The Saints

A Short History

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Simon Yarrow
  • London, England: 
    Oxford University Press
    , December
     2016.
     176 pages.
     $16.95.
     Hardcover.
    ISBN
    9780198784388.
     For other formats: Link to Publisher's Website.

Review

Saints consistently fascinate the religious imagination although, as Simon Yarrow shows in The Saints: A Short History, what constitutes holiness and what claim those possessing it have on believers has consistently changed over the course of Christian history. Much of the literature on sainthood has traditionally consisted on the individual or collected lives of saints; this book is not that. Instead, Yarrow provides a broad history-of-religions-inflected view of holy persons and their veneration in Christian practice.

The introduction frames the book as investigating the interplay between “a ‘magnetic north’ that points towards the divine, and a ‘true north’ allocated to [the saints] by human beings” (7). This is a truly interesting claim, and one that deserves more engagement than it receives in the book. How do the “immediate emotional, intellectual, and institutional needs of the faithful” that constitute the “true north” relate to the “magnetic north” of the divine?

After three chapters, progressing through the history of the saints up through the early modern period—“Inventing the Saints,” “Saints in the Middle Ages,” and “Early Modern Sainthood”—follows a chapter on sainthood and gender and one on the prototypical female saint: the Blessed Virgin Mary. Then a chapter follows on hagiography, one on sainthood in the colonial and post-colonial eras, and then finally a chapter on “Sainthood in the Modern World.” This outline occasionally feels somewhat disjointed, melding as it does historical and topical elements. But Yarrow’s choices for examples are illuminating, and his writing balances specificity and breadth-of-attention well.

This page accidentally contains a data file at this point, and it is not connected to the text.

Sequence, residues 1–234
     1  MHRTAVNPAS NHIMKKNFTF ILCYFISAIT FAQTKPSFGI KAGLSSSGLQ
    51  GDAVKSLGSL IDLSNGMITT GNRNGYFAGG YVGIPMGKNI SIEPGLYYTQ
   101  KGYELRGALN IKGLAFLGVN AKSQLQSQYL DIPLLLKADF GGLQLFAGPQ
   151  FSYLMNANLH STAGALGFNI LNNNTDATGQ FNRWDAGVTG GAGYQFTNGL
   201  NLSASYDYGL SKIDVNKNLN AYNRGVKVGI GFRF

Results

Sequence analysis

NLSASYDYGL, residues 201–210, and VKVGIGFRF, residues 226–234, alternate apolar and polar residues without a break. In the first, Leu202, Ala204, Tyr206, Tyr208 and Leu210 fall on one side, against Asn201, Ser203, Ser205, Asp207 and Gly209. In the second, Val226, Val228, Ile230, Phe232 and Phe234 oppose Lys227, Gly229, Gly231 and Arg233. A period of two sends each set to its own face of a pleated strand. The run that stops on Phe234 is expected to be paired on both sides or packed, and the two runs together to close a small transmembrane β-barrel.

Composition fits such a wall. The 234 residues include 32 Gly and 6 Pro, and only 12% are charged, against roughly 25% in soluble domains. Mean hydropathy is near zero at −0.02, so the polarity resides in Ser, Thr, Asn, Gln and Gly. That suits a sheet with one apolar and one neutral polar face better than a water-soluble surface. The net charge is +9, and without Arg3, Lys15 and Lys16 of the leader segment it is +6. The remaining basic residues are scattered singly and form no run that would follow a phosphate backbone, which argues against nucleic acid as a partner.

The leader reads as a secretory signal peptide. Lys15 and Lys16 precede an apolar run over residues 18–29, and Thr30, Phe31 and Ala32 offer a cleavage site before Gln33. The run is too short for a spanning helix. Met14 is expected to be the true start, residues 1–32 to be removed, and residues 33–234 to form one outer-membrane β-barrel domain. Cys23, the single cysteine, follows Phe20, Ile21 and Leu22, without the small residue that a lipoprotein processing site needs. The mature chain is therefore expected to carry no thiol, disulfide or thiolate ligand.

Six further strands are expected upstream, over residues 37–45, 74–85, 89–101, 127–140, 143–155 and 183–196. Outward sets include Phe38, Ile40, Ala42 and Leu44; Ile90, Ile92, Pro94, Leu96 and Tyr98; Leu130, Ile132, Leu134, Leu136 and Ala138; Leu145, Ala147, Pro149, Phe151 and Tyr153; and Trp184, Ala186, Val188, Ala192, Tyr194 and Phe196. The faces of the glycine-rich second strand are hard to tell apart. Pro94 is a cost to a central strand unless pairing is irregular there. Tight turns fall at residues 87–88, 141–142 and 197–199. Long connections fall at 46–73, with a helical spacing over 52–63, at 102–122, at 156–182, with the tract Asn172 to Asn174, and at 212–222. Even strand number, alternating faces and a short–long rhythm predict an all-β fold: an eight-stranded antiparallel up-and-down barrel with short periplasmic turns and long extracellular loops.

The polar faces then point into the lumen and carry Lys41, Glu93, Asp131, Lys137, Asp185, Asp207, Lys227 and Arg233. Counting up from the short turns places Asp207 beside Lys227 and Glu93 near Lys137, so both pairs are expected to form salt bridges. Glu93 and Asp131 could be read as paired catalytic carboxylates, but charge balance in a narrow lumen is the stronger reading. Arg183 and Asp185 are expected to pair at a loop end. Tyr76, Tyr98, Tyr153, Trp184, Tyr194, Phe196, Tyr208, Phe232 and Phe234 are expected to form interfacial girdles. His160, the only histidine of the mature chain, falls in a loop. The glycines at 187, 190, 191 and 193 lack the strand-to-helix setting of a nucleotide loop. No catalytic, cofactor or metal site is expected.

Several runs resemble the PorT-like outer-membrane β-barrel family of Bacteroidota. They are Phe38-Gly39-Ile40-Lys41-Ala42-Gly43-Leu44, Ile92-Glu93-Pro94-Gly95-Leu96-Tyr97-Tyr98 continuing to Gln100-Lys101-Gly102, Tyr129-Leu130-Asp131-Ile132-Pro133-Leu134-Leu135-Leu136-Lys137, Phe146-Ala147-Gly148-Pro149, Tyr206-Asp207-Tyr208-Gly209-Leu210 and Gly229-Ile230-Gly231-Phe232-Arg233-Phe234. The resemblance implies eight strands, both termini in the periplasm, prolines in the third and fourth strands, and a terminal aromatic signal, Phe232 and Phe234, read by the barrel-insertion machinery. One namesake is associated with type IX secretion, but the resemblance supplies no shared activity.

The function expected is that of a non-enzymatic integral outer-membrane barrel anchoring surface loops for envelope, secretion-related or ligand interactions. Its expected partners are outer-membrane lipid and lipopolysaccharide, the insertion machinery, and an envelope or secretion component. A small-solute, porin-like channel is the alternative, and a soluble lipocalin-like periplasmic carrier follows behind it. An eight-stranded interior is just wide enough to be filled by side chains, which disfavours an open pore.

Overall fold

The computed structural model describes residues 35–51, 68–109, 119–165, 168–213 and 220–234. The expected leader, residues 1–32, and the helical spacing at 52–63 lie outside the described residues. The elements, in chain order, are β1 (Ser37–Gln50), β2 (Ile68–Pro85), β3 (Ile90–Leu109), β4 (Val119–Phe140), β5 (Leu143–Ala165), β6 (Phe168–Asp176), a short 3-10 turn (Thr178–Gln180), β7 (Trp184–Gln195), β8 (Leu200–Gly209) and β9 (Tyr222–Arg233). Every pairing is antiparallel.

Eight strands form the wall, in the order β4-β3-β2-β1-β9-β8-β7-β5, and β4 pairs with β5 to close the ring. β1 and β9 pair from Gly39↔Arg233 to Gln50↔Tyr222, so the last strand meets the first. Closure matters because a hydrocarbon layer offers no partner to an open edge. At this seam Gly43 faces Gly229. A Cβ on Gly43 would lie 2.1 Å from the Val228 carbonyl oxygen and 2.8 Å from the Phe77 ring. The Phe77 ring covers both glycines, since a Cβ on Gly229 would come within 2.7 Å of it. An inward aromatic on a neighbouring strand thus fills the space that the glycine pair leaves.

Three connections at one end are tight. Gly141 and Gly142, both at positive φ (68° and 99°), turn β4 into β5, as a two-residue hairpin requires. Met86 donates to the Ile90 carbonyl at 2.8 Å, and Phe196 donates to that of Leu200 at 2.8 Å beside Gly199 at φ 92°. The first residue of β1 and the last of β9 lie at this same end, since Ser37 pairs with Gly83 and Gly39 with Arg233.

As an introduction to the history of Christian engagement with holy persons, this book achieves its goal. It is very readable, does good—if broad—history, and raises many of the important questions about what defines sanctity, how it is written about, and how the cult of the saints both shapes and is shaped by the cultures in which it is practiced. Readers looking for a theology of the saints will be disappointed, but this is not what the book promises.

The saints and their commemoration are rich sources for understanding the fides et mores of different Christian groups, and this book provides a strong introduction to the beginner who wants to understand this history. More attention to the interaction between the “needs of the faithful” expressed in particular times and places and their understandings of the divine would have been appreciated, and would have helped the reader learn to see the connections between careful institutional, cultural history, and a history of theology.

Yarrow’s initial insight that the saints and their cults exist at precisely this crossroads is important. He returns to the idea in an afterward that sketches some of these connections among a few of the contemporary saints. It left this reader wishing for a deeper engagement with these insights—perhaps too much to ask of “A Short History.” This text a good primer that will hopefully spur students to deliberate what studying the lives and the veneration of these holy ones might contribute to our understanding of the divine.

About the Reviewer(s): 

Jakob Karl Rinderkencht is director of the Pastoral Institute at the University of the Incarnate World.

Date of Review: 
August 14, 2017
About the Author(s)/Editor(s)/Translator(s): 

Simon Yarrow graduated from the University of Newcastle in 1994 with a First in History. After staying on to take an MA, Simon moved to St Cross College, Oxford, where he completed his PhD under the supervision of Professor Henry Mayr-Harting in 1999. Since then, he has been Past and Present Research Fellow at the Institute of Historical Research, London, and worked at St Mary's University College, Strawberry Hill, Birkbeck College, London, and the University of Liverpool before taking up a Lectureship at the University of Birmingham in 2004. He has published several articles and is the author of Saints and their Communities: Miracles Stories in Twelfth-Century England (OUP, 2006).

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